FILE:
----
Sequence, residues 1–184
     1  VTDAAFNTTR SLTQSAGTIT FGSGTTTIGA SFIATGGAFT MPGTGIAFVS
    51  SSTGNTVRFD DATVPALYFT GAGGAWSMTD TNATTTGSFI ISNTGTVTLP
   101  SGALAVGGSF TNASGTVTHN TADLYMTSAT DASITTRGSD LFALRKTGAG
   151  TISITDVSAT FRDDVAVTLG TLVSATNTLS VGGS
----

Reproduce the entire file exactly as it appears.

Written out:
Sequence, residues 1–184
     1  VTDAAFNTTR SLTQSAGTIT FGSGTTTIGA SFIATGGAFT MPGTGIAFVS
    51  SSTGNTVRFD DATVPALYFT GAGGAWSMTD TNATTTGSFI ISNTGTVTLP
   101  SGALAVGGSF TNASGTVTHN TADLYMTSAT DASITTRGSD LFALRKTGAG
   151  TISITDVSAT FRDDVAVTLG TLVSATNTLS VGGS